Kore-eda Hirokazu’s Air Doll (Kûki ningyô, 2009) begins by following the character Hideo as he travels by train toward his home. After arriving, he speaks to someone offscreen before the film cuts to a scene at the dinner table where an over-the-shoulder shot from Hideo’s point of view reveals that he was and continues speaking to a blow-up sex doll he has named Nozomi. Spectators see the plastic surface of Nozomi’s body, and despite how Hideo personifies her, she remains the silent recipient of his statements. The scene transitions to Hideo’s bedroom, where he will use Nozomi as a sexual object. During this sexual encounter, sound begins to orientate spectators toward the surface of Nozomi’s plastic exterior more explicitly than its visibility. Each thrust or movement Hideo makes is accompanied by the sound of air-filled plastic under pressure. These sounds reiterate and exaggerate Nozomi’s properties as an object by throwing plasticity toward the spectator to exaggerate its frailty; these sounds situate her plasticity within what Steven Connor calls the “rhetoric of the inflatable,” which aims to perpetuate perceptions about the frailty of air-filled objects by foregrounding their potential for “abject eruption and collapse.”1 In these contexts, the sound of strained plastic provides spectators with a sense of the weight any air doll must support and lures us toward the [End Page 265] looming possibility of plastic ready to pop at the seams were the force of these thrusts to become too great.
While this opening sequence in Air Doll positions Nozomi as an object, foreshadowing how several characters will perceive her purpose during other sexual encounters in the film,2 the narrative quickly departs from this explicitly anthropocentric perspective. Nozomi is initially confined by audiovisual cues aiming to reiterate her status as a plastic object, but after the opening sequence, the audible properties of the film begin to undermine our reliance on humans as the interlocutors who make objects meaningful. Sounds of breathing accompany the film’s transition to daytime, and we return to Hideo’s home after brief scenic shots of his neighborhood in Tokyo. We watch Hideo dress and prepare to leave for work while Nozomi remains unclothed in bed. The sounds of breathing persist in the bedroom but, after Hideo is out of the frame, become attributed to Nozomi by the movement of a wind chime that jingles above her head. Spectators soon hear sounds of strained, stretching plastic return but, unlike the previous night, witness a visible shift from her state as an inanimate air doll: we see her legs begin to move before watching her translucent shadow on the wall while she walks from the bed toward the window (Figure 1).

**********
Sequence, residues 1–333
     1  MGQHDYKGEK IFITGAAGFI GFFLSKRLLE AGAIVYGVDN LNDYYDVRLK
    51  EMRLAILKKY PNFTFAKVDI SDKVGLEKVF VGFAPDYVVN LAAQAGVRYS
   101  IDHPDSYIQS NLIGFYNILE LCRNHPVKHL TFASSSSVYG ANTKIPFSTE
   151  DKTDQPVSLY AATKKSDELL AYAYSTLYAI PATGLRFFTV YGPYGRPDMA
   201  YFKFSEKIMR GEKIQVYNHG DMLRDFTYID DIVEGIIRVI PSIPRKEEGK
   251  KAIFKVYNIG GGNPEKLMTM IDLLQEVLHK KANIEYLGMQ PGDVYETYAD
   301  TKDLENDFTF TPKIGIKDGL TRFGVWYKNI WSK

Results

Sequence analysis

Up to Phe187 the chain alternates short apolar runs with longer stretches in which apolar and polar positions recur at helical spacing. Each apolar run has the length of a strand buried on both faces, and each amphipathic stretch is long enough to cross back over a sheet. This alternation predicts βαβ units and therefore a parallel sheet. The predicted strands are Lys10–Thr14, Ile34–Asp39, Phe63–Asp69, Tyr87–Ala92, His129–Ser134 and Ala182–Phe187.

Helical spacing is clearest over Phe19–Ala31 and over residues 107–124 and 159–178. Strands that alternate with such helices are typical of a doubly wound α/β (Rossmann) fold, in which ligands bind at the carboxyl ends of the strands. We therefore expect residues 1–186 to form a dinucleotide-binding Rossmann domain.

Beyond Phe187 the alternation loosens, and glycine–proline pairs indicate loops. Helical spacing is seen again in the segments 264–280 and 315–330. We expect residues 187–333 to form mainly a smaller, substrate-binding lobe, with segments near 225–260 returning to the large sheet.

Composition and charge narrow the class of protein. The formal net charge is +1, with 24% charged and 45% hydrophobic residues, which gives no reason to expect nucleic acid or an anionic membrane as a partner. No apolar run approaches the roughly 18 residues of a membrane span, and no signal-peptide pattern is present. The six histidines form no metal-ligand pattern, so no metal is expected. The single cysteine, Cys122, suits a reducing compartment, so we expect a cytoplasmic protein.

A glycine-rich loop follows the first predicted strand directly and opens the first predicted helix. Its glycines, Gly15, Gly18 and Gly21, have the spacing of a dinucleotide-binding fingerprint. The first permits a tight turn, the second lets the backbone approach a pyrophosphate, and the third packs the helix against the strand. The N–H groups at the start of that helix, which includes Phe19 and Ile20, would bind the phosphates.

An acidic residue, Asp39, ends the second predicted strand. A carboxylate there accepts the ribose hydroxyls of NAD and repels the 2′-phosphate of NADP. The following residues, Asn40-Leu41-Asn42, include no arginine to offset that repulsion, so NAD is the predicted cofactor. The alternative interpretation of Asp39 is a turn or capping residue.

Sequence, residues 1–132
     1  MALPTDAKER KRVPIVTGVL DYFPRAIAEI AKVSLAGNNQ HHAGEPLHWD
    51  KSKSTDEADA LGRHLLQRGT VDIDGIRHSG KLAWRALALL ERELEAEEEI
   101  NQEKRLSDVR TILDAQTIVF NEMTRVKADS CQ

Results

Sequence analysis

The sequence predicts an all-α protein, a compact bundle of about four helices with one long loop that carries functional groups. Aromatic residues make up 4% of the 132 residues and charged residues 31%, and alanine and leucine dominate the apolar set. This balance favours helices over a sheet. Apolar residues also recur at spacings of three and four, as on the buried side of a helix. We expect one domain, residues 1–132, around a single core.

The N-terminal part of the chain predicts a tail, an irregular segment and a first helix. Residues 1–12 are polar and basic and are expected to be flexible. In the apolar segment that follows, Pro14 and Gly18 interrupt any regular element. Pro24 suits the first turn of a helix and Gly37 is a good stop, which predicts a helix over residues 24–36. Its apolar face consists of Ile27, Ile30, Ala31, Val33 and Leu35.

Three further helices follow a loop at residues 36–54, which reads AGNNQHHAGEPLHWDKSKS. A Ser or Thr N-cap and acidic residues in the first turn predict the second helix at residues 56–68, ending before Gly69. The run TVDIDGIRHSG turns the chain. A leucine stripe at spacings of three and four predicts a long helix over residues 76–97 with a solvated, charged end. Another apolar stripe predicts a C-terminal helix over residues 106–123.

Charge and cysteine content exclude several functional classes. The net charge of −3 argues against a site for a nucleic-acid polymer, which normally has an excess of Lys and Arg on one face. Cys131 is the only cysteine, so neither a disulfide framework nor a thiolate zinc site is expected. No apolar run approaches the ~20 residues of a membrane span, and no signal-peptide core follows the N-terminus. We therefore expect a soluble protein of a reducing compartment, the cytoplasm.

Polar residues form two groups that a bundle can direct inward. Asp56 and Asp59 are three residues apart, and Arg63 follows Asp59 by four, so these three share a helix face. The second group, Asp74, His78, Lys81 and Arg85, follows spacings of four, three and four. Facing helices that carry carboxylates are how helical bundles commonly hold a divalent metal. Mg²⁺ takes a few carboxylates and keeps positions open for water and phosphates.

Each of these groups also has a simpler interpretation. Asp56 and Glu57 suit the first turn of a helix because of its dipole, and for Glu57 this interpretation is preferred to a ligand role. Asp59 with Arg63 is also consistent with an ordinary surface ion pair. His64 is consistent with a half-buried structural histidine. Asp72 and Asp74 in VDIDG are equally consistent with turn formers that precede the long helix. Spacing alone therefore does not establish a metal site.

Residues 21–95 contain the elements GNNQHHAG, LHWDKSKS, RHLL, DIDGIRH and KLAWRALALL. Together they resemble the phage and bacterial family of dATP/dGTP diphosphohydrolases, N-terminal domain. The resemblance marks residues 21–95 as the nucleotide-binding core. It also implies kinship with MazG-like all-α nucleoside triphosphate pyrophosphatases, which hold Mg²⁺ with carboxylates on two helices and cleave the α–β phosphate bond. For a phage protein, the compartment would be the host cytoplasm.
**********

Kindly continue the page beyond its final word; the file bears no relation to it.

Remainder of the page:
This transformation situates spectators to grapple with normative orientations toward objects when they cannot or do not remain confined in an all-too-typical binary opposition to (human) subjects. Contemporary speculative realist philosophies provide various definitions for objects, and I remain intrigued by those with an orientation toward better understanding about the ontological configurations of objects, things, and entities (human or otherwise).3 The aims of these writings have prompted me to pause and consider what circumstances might prompt anyone other than object-oriented philosophers to consider the lives of objects or reconsider and expand an anthropocentric ontology.4
In what follows, I examine how Air Doll positions spectators to follow the life of a thing by upsetting normative orientations toward inanimate objects or tools. To accomplish this, I interrogate how the film reframes subject-object relations and, in turn, reveals the autonomy of things. I continue this inquiry by addressing why spectators are not only encouraged to look at the life of things but also, more importantly, why the film encourages engagement with things beyond (visible) present-at-hand surfaces. Finally, I address why the framing of relationships, between things and humans as well as things with other things, encourages and requires us to expand our conceptualization of ontology to include ec-static forms of being. [End Page 266]
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